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Ball Bearing - Spherical Roller Bearings
Spherical roller bearings are characterized by their low-friction rotation. They are renowned for their angular misalignment, caused as a result of heavy loads that cause a shaft deflection between the spherical internal mechanism and the spherical rollers placed on the outer rings. However, these ball bearings have self-aligning capabilities, due to the engineered curving of the external ring raceways in relation to the bearing axis. These devices are shock resistant, carry particularly high radial and axial loads and accommodate to heavy vibrations and polluted environments, while functioning with extra precision on the bore.
Engineering & Design
Spherical roller bearings are designed with two rows of rollers, an external spherical raceway ring and two internal raceways angled to accommodate to the rotating shaft. The barrel-shaped rollers are thus located between the two internal raceways, and a sealed or unsealed cage can be applied.
The construction of the rollers, raceways and cages, as well as the heat treatment and the external finishing are the prime factors that influence the device's performance. For example, symmetrical rollers optimize the load distribution, maximizing the ball bearing's lifespan.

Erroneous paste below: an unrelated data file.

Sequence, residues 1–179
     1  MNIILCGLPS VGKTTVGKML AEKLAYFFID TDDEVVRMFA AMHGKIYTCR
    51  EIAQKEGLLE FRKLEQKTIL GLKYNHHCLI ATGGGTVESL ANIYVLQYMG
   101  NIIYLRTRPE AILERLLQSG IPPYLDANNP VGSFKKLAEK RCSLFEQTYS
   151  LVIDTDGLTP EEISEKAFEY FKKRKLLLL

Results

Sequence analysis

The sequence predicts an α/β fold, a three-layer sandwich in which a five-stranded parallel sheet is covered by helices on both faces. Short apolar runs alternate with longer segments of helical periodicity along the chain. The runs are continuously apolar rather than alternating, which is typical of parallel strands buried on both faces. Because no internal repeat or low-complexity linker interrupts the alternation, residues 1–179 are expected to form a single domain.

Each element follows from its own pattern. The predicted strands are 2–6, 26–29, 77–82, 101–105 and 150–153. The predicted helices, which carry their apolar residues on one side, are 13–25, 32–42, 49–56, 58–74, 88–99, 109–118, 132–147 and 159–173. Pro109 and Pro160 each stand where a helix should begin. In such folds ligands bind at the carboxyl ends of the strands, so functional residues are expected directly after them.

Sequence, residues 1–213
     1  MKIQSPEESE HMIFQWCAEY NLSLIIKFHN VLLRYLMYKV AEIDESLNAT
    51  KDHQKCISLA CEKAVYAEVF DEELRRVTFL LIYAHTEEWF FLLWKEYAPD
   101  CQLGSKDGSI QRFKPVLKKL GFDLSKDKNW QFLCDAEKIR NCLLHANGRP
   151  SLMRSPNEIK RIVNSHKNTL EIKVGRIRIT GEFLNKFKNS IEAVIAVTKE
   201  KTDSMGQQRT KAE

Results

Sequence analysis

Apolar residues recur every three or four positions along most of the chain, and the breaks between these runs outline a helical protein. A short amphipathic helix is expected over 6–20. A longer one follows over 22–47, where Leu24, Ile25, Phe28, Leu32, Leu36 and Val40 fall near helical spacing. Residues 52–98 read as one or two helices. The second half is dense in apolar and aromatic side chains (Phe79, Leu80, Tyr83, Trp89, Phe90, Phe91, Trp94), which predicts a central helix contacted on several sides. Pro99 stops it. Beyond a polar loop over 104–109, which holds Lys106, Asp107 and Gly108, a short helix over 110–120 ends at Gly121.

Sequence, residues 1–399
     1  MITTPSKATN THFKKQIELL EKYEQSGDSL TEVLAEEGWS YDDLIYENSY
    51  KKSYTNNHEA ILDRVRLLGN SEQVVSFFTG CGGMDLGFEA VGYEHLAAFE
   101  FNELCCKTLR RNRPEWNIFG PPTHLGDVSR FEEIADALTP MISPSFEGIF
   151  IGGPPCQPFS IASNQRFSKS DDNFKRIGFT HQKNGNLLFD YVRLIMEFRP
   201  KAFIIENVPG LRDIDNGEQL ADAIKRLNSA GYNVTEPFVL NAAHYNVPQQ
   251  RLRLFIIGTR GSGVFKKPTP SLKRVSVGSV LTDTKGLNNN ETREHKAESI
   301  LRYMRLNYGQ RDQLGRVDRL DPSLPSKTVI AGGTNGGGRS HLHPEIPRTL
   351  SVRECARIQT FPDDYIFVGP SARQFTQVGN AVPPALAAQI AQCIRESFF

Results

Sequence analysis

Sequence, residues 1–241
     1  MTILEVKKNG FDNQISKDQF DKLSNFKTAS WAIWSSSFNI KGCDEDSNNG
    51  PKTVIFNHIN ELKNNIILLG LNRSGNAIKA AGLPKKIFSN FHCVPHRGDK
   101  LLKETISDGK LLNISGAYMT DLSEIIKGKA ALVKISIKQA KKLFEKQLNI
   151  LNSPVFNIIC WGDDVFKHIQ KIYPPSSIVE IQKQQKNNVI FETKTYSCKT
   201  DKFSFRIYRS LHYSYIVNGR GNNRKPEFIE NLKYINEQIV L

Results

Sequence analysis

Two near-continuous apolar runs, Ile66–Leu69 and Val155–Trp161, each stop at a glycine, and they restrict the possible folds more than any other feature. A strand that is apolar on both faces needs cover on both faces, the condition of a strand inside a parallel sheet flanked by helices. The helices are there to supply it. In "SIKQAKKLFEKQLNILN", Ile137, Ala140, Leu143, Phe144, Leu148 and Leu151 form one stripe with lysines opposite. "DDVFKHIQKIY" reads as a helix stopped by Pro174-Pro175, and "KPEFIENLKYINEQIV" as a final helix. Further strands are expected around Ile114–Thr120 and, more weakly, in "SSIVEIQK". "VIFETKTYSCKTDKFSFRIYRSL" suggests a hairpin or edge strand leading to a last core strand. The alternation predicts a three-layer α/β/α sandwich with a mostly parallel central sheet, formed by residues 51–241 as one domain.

While various aspects of the mechanism are ISO regulated, some internal characteristics of the device are not. As a result, in order to classify as a spherical roller bearing, the manufacturer can alter the mechanism's lubrication method, presence of a central flange, implementation of a central ring and application of a supporting cage. Spherical roller bearings are typically produced with straight bores, but tapered bores are sometimes available if required by the consumer.
Spherical roller bearings may come as single-row spherical roller bearings (sometimes referred to as barrel bearings) which are more suitable for smaller radial loads, or double-row spherical roller bearings, which are equipped with central flanges, optimizing the mechanism's performance.
Chrome steel is the most commonly used material for spherical roller bearings, but sheet steel, regular steel, polyamide and brass are also widely utilized. Likewise, the cages are available in machined or pressed steel, sheet metal, polyamide or machined brass. The cage's strength increases in correlation with the resistance to temperature.
Spherical roller bearings are available in multiple standardized ISO dimensions, which are defined by the size of the apparatus's external measurements.
Spherical roller bearings are primarily used in heavily industrial settings. Some examples of usages for these ball bearings include, but are not limited to: gearboxes, wind turbines, continuous casting machines, mechanical fans, mining and construction equipment, paper processing equipment, offshore drilling, marine propulsion and agricultural machinery.
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